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Thesis work started!

So now I have a sponsoring company, as well as a well defined project for my final thesis project! An infant carrier for Haglöfs! I’ve started to do a lot of the research, including tons of background reading on ergonomics, infant development, parenting, as well as looking on the internet to see what products exist today, and for inspiration in general.

It’s a bit ironic that my first design project – a homework assignment submitted to Umeå as part of my entrance application – was a backpack, and that my final projectwork as a design student will also be a type of backpack =)

But looking around the net, I stumbled upon a really fantastic website obsessed with all things backpacks, Carryology. I’ve been looking for a great looking and practical backpack for some time, and have bemoaned the lack of selection and design. I want a nice looking, comfortable backpack to carry all the things I need everyday, such as my 15.6″ laptop (which gets quite heavy after some time on my back, let alone if I were to use a messenger bag), that could carry enough things for an overnight trip, and look stylish and fit my everyday style. Most backpacks look too much like a hiking bag.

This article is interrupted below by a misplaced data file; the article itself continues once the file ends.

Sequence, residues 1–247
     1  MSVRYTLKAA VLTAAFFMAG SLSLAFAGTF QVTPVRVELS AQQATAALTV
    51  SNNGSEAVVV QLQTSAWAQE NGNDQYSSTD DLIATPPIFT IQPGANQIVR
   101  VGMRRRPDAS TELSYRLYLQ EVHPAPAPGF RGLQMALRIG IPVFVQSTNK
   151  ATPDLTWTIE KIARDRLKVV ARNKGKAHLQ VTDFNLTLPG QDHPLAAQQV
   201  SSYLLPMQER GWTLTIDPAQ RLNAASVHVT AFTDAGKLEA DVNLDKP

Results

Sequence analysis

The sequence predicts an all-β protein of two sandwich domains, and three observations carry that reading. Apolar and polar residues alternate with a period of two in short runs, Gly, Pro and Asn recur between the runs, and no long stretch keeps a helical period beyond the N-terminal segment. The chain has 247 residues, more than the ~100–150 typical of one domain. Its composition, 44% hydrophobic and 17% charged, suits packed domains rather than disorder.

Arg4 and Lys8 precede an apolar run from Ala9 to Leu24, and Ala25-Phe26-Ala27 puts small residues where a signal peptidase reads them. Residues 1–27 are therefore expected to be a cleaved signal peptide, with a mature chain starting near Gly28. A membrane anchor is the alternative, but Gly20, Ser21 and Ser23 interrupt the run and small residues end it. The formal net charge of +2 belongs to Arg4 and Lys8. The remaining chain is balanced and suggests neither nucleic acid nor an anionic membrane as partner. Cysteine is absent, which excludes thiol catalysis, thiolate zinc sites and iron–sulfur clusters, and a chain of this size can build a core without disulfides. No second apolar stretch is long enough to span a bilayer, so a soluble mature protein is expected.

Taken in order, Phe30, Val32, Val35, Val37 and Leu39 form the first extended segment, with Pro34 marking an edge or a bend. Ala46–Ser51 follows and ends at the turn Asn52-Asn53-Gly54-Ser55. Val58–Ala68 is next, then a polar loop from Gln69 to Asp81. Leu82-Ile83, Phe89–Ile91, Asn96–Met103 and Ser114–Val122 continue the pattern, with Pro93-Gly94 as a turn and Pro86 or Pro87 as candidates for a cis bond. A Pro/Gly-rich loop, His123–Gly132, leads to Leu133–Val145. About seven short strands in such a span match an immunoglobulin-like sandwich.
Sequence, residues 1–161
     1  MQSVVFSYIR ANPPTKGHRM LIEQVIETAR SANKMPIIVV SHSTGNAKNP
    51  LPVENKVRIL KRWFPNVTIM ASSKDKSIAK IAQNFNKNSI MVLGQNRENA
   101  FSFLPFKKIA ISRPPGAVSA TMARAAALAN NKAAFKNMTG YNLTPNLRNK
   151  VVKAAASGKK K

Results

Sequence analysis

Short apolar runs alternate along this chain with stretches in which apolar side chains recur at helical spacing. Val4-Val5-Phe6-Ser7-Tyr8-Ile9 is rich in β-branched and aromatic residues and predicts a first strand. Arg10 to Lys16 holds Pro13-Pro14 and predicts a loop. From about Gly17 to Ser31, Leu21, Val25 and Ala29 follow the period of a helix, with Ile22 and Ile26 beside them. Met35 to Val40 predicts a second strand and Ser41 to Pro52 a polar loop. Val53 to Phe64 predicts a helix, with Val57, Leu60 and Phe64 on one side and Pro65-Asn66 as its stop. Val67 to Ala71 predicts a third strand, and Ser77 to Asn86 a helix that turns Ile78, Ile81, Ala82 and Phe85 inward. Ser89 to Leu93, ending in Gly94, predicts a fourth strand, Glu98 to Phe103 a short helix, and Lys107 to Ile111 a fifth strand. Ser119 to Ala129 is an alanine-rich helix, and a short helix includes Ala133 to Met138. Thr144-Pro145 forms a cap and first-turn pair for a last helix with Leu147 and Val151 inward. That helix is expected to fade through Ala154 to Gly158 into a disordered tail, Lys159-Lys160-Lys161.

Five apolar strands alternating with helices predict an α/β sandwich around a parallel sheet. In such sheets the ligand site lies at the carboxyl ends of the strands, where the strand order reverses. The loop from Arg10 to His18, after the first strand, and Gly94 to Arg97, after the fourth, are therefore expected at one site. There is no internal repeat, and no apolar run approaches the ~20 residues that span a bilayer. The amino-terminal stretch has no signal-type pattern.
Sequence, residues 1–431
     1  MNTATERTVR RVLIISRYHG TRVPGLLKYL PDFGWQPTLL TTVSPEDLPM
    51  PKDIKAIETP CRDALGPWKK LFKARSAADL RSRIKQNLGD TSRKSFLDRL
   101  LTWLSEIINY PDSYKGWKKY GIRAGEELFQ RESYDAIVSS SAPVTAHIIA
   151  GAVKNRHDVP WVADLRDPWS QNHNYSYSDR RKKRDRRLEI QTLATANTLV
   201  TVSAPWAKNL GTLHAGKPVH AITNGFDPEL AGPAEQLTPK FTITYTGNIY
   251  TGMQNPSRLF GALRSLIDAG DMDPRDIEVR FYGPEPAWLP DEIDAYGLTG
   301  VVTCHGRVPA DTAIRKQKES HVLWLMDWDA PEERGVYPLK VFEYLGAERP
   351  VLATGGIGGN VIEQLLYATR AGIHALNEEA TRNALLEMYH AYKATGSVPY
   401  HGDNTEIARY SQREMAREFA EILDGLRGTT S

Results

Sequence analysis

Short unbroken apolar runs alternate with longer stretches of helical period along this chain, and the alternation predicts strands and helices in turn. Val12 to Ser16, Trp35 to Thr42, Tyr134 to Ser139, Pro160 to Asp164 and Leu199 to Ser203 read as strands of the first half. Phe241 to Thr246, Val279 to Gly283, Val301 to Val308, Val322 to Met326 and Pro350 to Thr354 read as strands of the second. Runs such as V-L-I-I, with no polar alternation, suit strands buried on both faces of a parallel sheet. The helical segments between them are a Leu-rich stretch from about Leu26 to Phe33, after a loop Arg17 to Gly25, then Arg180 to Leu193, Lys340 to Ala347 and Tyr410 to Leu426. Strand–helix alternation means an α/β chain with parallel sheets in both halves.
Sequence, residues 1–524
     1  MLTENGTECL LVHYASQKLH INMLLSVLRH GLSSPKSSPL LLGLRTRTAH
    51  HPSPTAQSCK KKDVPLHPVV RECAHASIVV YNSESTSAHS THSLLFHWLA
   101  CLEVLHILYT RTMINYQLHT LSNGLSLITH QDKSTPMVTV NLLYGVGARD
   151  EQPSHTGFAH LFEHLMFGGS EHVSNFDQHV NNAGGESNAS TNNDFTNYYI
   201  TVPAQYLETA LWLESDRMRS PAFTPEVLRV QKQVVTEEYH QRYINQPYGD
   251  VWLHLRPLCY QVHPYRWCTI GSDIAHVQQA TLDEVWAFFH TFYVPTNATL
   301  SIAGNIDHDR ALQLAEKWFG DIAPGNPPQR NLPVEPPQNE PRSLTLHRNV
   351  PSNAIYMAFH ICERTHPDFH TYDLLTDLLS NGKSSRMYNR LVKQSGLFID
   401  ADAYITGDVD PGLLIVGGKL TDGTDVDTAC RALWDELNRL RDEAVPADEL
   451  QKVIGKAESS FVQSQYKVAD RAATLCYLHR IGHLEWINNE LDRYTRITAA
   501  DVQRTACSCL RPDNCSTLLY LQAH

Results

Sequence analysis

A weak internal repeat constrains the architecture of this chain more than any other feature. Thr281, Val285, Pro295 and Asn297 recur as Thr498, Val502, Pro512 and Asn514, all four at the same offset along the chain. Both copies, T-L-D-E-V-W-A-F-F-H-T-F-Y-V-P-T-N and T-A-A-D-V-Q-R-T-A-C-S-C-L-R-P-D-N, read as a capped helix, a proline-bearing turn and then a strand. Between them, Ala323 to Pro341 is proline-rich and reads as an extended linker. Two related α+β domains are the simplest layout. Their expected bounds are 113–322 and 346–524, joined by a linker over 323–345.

I had a second interview with Volvo Cars a few days ago (want the job so bad! Fingers crossed that I make it onto the 3rd and final round!!)… Anyway, I needed to go to an evening recruiting event, stay overnight in Gothenberg, and go to an interview the next morning. I didn’t have many bags to choose from that would be large enough to carry my overnight necessities (without being too large) and professional looking (or at least not like I was going hiking). Now I found this bag from Cote et Ciel, which I am in love with, and thinking about buying: